“I still think of Olympics as track and field and not golf to be honest with you,” he said. “I don’t want to pour cold water on it, but I don’t think it should be in the Olympic Games.”
Watson said golf has its four major championships, which remain its pinnacle events.
On one hand, this kinda rubs me the wrong way. You see, back in 2009 I was working for Squash Canada and squash was one of the short listed sports for the 2016 Games. Becoming an Olympic sport was (and still is) pretty much the be all and end all of squash because it doesn’t have the broad appeal to bring in sponsors, ticket sales, etc, without the Olympics. When it was announced that the selected sports were Rugby and Golf, it was in a word, heartbreaking for the international squash community (especially since Squash came so close to getting on the 2012 program as well). To hear a prominent figure in golf come out and say that golf doesn`t need to be in the Olympics, is kind of a slap in the face to a sport like Squash.
On the other hand, I understand his argument. Golf already has a storied tradition of major events and maybe, just maybe, the Olympica doesn`t bring value added to the sport.
While I understand his comments, I don`t necessarily agree with them,
I think we can all agree that the Masters is the most celebrated golf tournament in the world. The number of eye balls that saw the 2012 Masters on TV during the final round was 13.5 million. The average number of viewers that took in NBCs 17 days of Olympic coverage was 31.1 million. In a nut shell, one could argue that the Olympics brings in more than twice the number of eye balls. Does the PGA Tour need this exposure, maybe, maybe not. Does golf as a sport overall, from grassroots to weekend warrior need this exposure, certainly. We consistently hear that the boom years of golf (aka the Tiger years) are over, rounds are down, money being spent on equipment is down etc. Golf being part of the Olympic movement can only help the growth of the game.
Continuing on the theme of growing the game. Many countries, including Canada fund sports partially based on their Olympic involvement. Without getting into details and by oversimplifying, it is safe to say that being on the Olympic program has the potential for additional funding for the sport of golf in Canada. More money going into the sport, increases Golf Canada`s ability to develop and implement programs intended to grow the game.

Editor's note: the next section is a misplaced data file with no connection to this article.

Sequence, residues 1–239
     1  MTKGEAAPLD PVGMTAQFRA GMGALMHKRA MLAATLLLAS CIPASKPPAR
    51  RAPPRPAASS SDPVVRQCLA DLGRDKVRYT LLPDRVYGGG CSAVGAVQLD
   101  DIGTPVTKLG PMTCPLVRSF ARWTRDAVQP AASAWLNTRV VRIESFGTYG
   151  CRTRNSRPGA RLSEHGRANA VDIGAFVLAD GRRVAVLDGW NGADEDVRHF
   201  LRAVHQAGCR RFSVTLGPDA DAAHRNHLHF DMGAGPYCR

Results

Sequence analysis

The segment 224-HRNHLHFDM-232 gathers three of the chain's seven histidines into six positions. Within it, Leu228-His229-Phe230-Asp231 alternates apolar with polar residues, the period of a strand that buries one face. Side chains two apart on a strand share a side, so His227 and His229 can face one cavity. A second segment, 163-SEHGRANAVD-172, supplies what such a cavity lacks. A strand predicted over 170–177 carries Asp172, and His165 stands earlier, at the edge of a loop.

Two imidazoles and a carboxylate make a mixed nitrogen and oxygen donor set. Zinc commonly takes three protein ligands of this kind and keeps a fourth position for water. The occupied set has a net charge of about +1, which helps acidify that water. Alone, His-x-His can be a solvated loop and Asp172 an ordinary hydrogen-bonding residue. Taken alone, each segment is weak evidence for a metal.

Olympic inclusion is pushing countries to invest in golf, which they would not have done without the allure of Olympic medal hopes. Bob Weeks (@bobatscoregolf) had a great article yesterday about how Russia, a non traditional golf market, is working with a Canadian company to train its top players in the hopes of getting them to the Olympic level. Success at the Olympic level, even exposure at the Olympic level has great potential to effect grassroots development of the game.
I believe the other big winner in golf getting into the Olympic will be women`s golf. The LPGA rarely gets the credit it deserves and it hardly ever on TV. Having the women competing in the Olympics has the potential to do wonders for the the women`s game.
Lastly, unlike any of the major golf tours (PGA, European, LPGA), the Olympics will take golf into many non traditional markets. Generally, the professional golf tours go to places where golf, or at least golf courses are already established, the Olympics doesn`t. Case in point, Brazil is building a golf course for the 2016 Games because they didn`t previously have an adequate one. Taking golf into new markets, where infrastructure will be built provides the world golf bodies the opportunity to develop the game in places where it would have never flourished before.
So Mr Watson, I see where you are coming from, but I must respectively disagree with you,
See you at the turn.